Francis Wilkinson PICKENS, Congress, SC (1805-1869)
PICKENS, Francis Wilkinson, (grandson of Andrew Pickens), a Representative from South Carolina; born on a plantation on the Toogoodoo River, St. Paul's Parish, Colleton District, S.C., April 7, 1805; completed preparatory studies; attended Franklin College, Athens, Ga., and was graduated from South Carolina College (now the University of South Carolina) at Columbia; studied law; was admitted to the bar and commenced practice in Edgefield District in 1829; engaged in planting; member of the state house of representatives 1832-1833; elected as a Nullifier to the Twenty-third Congress to fill the vacancy caused by the resignation of George McDuffie; reelected as a Nullifier to the Twenty-fourth and Twenty-fifth Congresses and elected as a Democrat to the Twenty-sixth and Twenty-seventh Congresses and served from December 8, 1834, to March 3, 1843; chairman, Committee on Foreign Affairs (Twenty-sixth Congress); member of the state senate 1844-1846; member of the Nashville southern convention in 1850; delegate to the Democratic National Convention in 1856; unsuccessful candidate for the United States Senate in 1857 to fill the vacancy caused by the death of Andrew P. Butler; Minister to Russia 1858-1860; governor of South Carolina 1860-1862; died in Edgefield, Edgefield County, S.C., January 25, 1869; interment in Edgefield Cemetery.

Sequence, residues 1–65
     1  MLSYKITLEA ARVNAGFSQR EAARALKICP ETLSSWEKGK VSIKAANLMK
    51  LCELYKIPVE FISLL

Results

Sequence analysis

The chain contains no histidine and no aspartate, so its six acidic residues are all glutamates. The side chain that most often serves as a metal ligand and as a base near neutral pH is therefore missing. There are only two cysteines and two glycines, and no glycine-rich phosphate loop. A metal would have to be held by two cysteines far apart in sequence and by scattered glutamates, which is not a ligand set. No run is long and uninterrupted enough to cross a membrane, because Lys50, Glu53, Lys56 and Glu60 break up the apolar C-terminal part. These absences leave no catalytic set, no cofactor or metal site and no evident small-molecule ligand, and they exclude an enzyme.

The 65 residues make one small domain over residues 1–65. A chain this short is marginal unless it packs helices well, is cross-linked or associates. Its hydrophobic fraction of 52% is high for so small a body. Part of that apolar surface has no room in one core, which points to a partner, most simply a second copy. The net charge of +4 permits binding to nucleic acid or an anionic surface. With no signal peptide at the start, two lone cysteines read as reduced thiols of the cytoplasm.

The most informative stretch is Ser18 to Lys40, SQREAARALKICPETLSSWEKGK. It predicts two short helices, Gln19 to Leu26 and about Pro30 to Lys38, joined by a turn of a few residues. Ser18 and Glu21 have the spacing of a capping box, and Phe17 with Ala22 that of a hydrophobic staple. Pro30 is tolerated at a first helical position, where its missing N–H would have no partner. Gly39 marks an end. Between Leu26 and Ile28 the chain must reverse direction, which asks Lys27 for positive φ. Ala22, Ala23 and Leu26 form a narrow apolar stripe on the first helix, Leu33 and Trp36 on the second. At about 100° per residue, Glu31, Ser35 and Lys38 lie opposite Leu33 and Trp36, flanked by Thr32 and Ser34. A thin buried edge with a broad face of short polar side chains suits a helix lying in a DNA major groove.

BibliographyEdmunds, John B., Jr. Francis W. Pickens and the Politics of Destruction. Chapel Hill: University of North Carolina Press, 1986.
Source: Biographical Directory of the United States Congress, 1771-Present